Twenty Years in the Cancer World

It’s been nearly 20 years since I was diagnosed with cancer. When I step back from my day-to-day work, I realize how much has changed during those two decades:

  • There’s considerably less stigma associated with cancer than there used to be. Twenty years ago, many people felt the need to keep their cancer diagnosis a secret. Today, most people speak openly about having cancer. (Stigma, unfortunately, continues to be an issue for people with lung cancer).
  • There’s been an explosion of cancer information in the news and on the Internet. Twenty years ago, it was a struggle to find resources. Today, the struggle is distinguishing the good resources from the bad resources.
  • Our ability to control the symptoms (e.g., nausea and pain) associated with cancer and its treatment is dramatically better.
  • Second opinions are now standard practice and are welcomed by nearly all physicians.
  • We increasingly understand that the underlying biology of each cancer varies from one person to the next. Cancer treatment is rapidly becoming more personalized.
  • More and more people live with cancer as a chronic disease. Cancers that aren’t curable are often controllable.
  • The cost of treating cancer has exploded. (Some increases are associated with true breakthroughs. Some are not.)
  • We increasingly recognize that the most aggressive cancer treatment is not always the best treatment.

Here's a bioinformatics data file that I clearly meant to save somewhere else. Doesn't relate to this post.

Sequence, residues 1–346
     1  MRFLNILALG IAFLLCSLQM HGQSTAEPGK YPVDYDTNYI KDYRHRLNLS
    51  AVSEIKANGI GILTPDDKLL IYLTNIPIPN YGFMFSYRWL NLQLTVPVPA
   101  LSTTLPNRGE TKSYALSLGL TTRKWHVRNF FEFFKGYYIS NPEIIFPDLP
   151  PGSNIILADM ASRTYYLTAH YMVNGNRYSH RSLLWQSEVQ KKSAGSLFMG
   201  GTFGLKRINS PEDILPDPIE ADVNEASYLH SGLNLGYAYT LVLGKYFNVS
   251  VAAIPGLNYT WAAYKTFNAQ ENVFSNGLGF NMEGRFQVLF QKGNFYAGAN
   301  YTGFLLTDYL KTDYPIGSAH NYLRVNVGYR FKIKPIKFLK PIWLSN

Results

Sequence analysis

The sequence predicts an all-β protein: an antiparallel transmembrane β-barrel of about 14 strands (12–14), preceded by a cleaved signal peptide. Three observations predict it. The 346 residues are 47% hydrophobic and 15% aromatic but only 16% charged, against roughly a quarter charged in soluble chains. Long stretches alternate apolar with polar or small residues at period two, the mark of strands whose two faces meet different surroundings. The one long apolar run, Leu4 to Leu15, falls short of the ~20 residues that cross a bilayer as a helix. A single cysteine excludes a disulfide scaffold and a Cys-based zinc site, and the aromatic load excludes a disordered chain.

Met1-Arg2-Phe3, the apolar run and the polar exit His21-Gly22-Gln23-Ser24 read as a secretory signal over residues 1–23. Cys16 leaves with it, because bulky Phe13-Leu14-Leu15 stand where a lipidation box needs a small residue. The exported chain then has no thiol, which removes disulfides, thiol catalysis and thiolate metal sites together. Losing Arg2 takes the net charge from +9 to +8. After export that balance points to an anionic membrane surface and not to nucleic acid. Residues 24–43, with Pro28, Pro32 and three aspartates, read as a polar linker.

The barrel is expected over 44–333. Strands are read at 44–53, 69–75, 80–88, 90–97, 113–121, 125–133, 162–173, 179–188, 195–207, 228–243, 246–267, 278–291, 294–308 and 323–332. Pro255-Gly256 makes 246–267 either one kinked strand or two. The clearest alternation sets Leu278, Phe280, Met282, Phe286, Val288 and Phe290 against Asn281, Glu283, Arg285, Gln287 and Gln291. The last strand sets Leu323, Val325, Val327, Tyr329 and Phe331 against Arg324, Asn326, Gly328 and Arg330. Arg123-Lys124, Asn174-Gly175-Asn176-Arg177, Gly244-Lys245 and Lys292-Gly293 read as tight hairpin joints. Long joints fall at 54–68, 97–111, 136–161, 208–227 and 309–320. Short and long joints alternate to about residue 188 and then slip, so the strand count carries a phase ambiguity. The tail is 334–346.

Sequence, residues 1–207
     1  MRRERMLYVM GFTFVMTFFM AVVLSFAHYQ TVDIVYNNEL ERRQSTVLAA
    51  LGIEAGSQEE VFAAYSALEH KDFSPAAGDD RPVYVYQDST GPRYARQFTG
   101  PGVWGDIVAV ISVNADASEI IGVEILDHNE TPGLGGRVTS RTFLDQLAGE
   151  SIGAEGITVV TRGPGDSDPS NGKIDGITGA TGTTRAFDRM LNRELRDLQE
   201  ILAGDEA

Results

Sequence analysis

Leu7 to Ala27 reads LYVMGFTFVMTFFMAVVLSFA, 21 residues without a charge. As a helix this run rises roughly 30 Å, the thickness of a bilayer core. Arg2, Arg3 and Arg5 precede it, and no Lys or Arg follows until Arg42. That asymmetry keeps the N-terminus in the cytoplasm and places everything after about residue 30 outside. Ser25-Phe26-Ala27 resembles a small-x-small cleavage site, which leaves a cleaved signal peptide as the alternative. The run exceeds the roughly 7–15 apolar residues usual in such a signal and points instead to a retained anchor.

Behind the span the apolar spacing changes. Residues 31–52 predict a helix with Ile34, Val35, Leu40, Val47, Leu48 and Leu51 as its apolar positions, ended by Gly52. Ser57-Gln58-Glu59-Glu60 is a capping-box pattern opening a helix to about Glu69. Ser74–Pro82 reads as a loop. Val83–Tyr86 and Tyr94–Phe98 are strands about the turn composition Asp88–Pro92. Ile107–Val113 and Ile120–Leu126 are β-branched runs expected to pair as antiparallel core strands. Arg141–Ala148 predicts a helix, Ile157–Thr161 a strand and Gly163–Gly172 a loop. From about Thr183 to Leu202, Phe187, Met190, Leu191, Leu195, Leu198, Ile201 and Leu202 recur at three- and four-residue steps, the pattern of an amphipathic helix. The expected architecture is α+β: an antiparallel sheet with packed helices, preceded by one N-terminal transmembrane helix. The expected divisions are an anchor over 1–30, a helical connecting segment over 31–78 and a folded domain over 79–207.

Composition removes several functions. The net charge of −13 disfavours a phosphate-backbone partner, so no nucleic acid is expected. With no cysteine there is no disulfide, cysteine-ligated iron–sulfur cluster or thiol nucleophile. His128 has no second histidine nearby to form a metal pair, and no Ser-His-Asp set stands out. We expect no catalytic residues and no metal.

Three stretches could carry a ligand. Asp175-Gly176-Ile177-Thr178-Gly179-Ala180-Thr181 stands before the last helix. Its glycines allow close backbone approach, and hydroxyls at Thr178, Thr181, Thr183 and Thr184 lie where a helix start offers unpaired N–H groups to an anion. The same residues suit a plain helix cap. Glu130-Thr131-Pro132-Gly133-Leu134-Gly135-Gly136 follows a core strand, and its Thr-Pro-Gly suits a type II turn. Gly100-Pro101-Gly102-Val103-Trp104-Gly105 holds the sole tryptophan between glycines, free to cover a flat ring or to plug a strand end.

• More attention is being paid to survivorship. We understand that completing cancer treatment is not the end of the journey.

It’s sometimes hard to recognize these advances because they’re often more evolutionary than revolutionary. And it’s hard to celebrate because too many of us continue to struggle with cancer on a day-to-day basis. But things have gotten better. I’ve seen it.


Reprinted with permission of the Ithaca Journal.
Original publication date: Dec. 5, 2015

 

Click here to see all of Bob’s columns

Share:

Share on facebook
Facebook
Share on twitter
Twitter
Share on pinterest
Pinterest
Share on linkedin
LinkedIn
On Key

Related Posts

Mobile Mammography: Many options available in nearby locations

Many nearby locations in 2021! We welcome current Lourdes patients as well as non-Lourdes patients You do not need a referral; results will be sent directly to your healthcare provider The Mobile Mammography Van is available for both insured and uninsured women If you are without insurance, please call The Cancer Services Program at (833) 837-4931 to see if you qualify for a no

Featured this month

May is Awareness Month for the following cancers: Bladder Bladder cancer begins when cells in the bladder grow out of control. Blood in the urine is the most common symptom